The Critical Period Hypothesis: Support, Challenge, and Reconceptualization Andy Schouten1 Kanda University of International Studies
Given the general failure experienced by adults when attempting to learn a second or foreign language, many have hypothesized that a critical period exists for the domain of language learning. Supporters of the Critical Period Hypothesis (CPH) contend that language learning, which takes place outside of this critical period (roughly defined as ending sometime around puberty), will inevitably be marked by non-nativelike features. In opposition to this position, several researches have postulated that, although rare, nativelike proficiency in a second language is in fact possible for adult learners. Still others, in light of the robust debate and research both supporting and challenging the CPH, have reconceptualized their views regarding a possible critical period for language learning, claiming that in combination with age of exposure, sociological, psychological, and physiological factors must also be considered when determining the factors that facilitate and debilitate language acquisition. In this paper, a review of literature describing the support, challenges, and reconceptualizations of the CPH is provided.
The presence of highly developed cognitive abilities allows adults to outperform children in most areas of learning. Yet in the realm of language learning, children seem to have a notable advantage. Virtually all children are able to master their native language, and most children who are surrounded by a second language at an early age can acquire this language with nativelike competence. Among adult language learners, however, incomplete mastery of the target language appears to be the norm. The presence of this phenomenon has raised the question as to whether or not some type of critical, or sensitive, period exists for language learning. In other words, both casual observers and scholars have posited that children have a particular advantage in acquiring language—be it a first or second language—before they reach a certain age (usually believed to be sometime around puberty). After this critical period has ended, whatever mechanisms have accounted for this advantage disappear, and as a result, those seeking to acquire a language with native-like proficiency are markedly less successful than their younger counterparts. 1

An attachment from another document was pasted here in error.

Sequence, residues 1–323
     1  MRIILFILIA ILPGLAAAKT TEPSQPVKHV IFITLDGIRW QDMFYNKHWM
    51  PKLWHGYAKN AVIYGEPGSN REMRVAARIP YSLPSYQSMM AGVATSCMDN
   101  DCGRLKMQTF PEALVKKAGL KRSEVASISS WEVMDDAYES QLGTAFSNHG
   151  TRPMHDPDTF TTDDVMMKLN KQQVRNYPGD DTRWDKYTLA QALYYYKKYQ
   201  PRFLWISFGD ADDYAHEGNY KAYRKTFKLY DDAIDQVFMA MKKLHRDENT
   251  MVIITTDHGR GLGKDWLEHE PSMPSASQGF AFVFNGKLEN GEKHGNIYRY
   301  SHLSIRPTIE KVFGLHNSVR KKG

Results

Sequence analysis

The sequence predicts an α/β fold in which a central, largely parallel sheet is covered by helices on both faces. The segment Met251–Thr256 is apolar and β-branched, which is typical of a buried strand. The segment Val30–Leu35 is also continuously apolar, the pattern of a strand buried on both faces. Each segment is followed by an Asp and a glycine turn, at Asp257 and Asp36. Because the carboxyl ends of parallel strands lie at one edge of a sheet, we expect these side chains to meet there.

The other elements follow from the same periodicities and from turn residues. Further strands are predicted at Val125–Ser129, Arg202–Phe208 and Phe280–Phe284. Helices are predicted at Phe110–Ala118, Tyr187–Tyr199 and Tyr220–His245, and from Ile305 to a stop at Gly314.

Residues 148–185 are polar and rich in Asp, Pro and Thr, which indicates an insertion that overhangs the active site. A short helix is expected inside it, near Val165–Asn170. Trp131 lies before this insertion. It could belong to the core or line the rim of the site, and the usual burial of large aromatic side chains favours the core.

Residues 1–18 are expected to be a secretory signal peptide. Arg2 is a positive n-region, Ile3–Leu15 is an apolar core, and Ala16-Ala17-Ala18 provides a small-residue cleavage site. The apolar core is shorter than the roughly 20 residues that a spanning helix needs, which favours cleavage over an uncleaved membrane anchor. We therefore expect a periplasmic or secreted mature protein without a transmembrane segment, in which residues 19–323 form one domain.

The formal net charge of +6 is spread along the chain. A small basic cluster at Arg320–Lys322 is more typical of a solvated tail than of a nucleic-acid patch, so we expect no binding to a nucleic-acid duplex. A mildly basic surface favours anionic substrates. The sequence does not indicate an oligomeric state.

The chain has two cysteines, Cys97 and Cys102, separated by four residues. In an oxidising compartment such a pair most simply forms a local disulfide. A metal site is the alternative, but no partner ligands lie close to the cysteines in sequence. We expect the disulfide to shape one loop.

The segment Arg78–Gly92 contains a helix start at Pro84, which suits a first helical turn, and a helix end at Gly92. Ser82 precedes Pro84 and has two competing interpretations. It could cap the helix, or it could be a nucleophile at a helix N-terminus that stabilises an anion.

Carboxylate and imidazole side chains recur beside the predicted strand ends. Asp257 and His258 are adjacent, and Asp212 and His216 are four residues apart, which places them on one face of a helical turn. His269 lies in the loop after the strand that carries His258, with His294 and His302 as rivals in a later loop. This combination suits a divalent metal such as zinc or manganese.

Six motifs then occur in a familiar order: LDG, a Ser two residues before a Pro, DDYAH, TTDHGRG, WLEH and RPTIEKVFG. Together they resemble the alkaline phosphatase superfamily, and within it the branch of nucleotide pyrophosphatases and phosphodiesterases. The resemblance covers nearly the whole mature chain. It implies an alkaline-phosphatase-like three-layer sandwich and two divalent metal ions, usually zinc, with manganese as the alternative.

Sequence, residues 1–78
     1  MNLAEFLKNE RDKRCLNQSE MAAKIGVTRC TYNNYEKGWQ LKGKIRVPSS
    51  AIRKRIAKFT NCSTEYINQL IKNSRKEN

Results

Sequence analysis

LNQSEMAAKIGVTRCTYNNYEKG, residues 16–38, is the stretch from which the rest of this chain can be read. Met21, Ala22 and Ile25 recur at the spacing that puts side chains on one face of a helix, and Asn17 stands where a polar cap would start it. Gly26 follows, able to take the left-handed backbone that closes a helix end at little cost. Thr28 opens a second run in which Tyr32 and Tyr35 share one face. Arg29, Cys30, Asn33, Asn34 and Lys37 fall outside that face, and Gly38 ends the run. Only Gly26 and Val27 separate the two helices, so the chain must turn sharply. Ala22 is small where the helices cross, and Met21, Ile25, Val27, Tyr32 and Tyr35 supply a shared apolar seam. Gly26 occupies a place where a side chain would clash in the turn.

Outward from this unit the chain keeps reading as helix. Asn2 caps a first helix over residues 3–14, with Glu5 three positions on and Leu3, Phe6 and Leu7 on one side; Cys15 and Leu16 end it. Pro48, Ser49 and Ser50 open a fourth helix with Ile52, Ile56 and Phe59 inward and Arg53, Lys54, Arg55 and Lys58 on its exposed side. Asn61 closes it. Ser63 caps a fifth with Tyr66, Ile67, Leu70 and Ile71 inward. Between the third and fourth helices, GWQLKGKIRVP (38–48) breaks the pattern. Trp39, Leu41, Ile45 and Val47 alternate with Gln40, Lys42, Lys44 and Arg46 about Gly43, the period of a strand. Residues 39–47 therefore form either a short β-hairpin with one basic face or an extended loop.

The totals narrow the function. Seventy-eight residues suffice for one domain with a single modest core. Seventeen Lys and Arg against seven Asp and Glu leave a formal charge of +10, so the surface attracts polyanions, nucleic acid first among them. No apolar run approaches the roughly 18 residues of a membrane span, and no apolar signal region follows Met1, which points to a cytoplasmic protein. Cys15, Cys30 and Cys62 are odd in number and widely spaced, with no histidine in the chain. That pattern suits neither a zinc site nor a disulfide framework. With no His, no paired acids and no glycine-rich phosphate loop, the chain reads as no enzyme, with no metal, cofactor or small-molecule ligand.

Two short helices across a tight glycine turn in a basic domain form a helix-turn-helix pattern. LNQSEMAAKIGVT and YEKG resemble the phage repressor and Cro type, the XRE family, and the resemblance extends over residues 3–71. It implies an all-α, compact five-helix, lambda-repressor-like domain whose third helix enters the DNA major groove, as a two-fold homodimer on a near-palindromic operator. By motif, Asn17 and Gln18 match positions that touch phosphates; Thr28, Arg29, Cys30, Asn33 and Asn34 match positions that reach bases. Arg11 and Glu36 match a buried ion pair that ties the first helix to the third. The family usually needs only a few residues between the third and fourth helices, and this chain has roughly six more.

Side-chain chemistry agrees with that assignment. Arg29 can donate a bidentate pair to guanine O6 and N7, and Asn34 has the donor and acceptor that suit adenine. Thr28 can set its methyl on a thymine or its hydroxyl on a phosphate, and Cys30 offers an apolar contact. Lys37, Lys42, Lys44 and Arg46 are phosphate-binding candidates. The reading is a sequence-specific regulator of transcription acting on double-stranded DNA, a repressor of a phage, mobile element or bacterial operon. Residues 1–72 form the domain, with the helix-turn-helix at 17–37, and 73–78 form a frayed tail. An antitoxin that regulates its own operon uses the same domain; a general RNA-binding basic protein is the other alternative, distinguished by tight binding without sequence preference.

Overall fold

Andrew Schouten is a lecturer in the Department of International Communication at Kanda University of International Studies, in Chiba, Japan. His research interests include the effects of maturation on Second Language Acquisition, as well as the impact of anxiety on language learning. Correspondence should be sent to Andrew Schouten, Kanda University of International Studies, 1-4-1 Wakaba, Mihama-ku, Chiba-shi, Chiba, Japan, 2610014. E-mail: firstname.lastname@example.org 1
Teachers College, Columbia University, Working Papers in TESOL & Applied Linguistics, 2009, Vol. 9, No. 1 The Critical Period Hypothesis: Support, Challenge, and Reconceptualization
Considering the realm of first language acquisition only, Lenneberg (1967) sought to determine the age at which it becomes too late for an individual to acquire language. Using different types of evidence including data from recovered aphasics, the development of language in the mentally disabled, and the effects of sudden deafness on people of different ages, he surmised that due to structural reorganizations that occur within the brain during puberty, any language skills which were not learned before this restructuring occurs would remain permanently underdeveloped. Consequently, the ages between the onset of language development during infancy and the restructuring of brain functions during puberty...